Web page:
The documentary in earnest begins looking at the history of McMahon family in the promotion business; from Jess McMahon and then on to Vincent J McMahon and beginning the Capitol Wrestling Corporation (CWC) and the TV show Heavyweight Wrestling from Washington, here we hear stories of those early tapings from Blackjack Mulligan and Lou Albano.
The next portion of the documentary looks at the CWC breaking away from the NWA, Buddy Rogers and the Bruno Sammartino era. The North East portion of the United States is then attributed as helping towards the success of McMahon Sr’s business with its heavily populated cities and the importance of the wrestling magazines, which were published in the area. The stars of the 1970s are looked at next including Andre The Giant. To conclude this portion we are given insight into TV syndication and the logistics of “bicycling” tapes from TV station to TV station, used to set the stage for the next part of the documentary and the rise of cable TV.
The documentary then moves on to 1982 and the purchase of the promotion by Vince McMahon and Titan Sports. We are given insight into Vince McMahon’s plans to take his North East promotion nationwide, using cable TV as the primary method for distribution and the fact that a national promotion would need a worthy top star to carry the business, enter Hulk Hogan.
Hulk Hogan and Hulkamania is examined in detail and the attributes which made Hogan perfect for the role of #1 attraction with his tremendous charisma which brought the company mainstream attention. The mainstream attention was especially important leading into the first WrestleMania. The first WrestleMania and its build is looked at, along with Linda McMahon’s explanation of the importance of the financial success of the show to both the promotion and the McMahon family.
The next landmark for the company was the first Saturday Night’s Main Event and the partnership with NBC. It is explored how Saturday Night’s Main Event revolutionized WWE’s television production – even to this day. Dick Ebersol explained how the show brought WWE an additional level of attention and awareness. The expanded audience was then capitalized upon in ways which were incredibly unique for the wrestling business – consumer products. This video was featured on the site just a few days ago (watch).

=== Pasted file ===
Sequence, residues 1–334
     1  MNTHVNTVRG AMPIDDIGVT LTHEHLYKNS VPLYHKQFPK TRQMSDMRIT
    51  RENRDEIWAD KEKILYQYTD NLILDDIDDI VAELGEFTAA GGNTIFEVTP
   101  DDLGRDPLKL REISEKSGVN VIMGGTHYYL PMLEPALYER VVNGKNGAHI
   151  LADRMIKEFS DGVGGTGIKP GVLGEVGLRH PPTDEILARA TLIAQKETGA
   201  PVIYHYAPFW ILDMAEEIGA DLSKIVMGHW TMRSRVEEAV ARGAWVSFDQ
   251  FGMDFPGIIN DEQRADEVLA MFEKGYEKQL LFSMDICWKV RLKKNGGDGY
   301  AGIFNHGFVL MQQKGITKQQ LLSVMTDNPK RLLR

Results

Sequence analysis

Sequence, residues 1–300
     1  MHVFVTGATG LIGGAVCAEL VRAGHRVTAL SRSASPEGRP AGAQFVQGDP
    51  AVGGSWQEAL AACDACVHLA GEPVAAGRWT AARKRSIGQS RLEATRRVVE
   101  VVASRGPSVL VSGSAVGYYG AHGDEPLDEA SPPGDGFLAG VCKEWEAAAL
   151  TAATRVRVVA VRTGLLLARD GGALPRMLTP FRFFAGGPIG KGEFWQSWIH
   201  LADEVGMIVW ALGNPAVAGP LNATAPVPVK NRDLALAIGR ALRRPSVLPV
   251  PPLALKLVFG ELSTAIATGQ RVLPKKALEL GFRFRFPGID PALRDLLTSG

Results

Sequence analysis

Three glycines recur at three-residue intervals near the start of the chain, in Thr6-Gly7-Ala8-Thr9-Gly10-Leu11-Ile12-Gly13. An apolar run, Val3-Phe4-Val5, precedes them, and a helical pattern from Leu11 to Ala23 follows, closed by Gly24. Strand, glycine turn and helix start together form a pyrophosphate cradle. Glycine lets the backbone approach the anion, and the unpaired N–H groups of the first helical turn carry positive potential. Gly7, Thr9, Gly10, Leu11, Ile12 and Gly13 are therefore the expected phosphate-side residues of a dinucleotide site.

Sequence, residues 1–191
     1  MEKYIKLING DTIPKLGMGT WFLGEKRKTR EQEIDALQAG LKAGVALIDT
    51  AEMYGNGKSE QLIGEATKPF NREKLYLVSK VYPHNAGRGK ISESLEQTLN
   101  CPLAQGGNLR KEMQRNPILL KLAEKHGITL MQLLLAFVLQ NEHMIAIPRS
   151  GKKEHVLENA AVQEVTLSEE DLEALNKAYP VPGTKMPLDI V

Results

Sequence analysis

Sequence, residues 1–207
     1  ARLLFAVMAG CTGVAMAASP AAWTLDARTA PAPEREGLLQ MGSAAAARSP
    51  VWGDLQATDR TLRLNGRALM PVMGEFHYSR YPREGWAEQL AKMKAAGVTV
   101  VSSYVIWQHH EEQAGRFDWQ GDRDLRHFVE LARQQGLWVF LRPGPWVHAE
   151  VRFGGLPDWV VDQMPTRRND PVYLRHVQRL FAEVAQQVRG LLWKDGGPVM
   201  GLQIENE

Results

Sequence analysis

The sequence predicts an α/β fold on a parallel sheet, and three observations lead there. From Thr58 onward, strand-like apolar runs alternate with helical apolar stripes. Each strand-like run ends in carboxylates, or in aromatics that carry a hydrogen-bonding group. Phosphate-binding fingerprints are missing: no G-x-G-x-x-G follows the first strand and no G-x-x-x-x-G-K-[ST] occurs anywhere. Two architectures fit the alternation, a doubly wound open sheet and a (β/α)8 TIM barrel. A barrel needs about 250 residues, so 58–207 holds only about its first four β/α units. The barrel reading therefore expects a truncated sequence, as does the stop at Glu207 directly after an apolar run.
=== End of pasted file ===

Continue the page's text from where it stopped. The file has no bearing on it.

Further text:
The next major milestone for the company is looked at now: WrestleMania III at the Silverdome. We see some of the build to Andre The Giant vs. Hulk Hogan, and this is the only real storyline which is looked at during the documentary. The highlights of which for me were a very rare 1984 promo from Andre discussing challenging Hogan for the championship and hearing from fans about their predictions for the Hogan/Andre WrestleMania showdown. From the build to the show the documentary moves to the actual event itself, as we hear from superstars who appeared and their thoughts on competing in front of the 90,000+ in attendance. The expansion of pay per view is covered next with the addition of Survivor Series, Royal Rumble, etc. until WWE were running a PPV each month.
The next section was potentially one of the most interesting topics going into the documentary – The Steroid Scandal. We see footage from a March 1992 press conference with Vince and Linda McMahon discussing steroid use within the then WWF. This is then complemented with hearing from 2013 Jake Roberts, Roddy Piper and Jim Duggan about their experiences with steroids and how they felt them necessary to cope life on the road; at this point, in my opinion it felt like we were using the word “steroids” as a catch all term for drugs in general. Discussion is given to Dr. George Zahorian and the 1994 trial, with its effect on WWE and the McMahon family. It is even mentioned by Paul Bearer about the plan for Jerry Jarrett to assume running WWE’s day-to-day operations should a guilty verdict be returned for McMahon. This section of the documentary is supported with news footage and even clips of Vince McMahon and “Superstar” Billy Graham appearing on The Donahue Show. Only the steroid scandal is looked at, while the other sex scandals of the era are not discussed.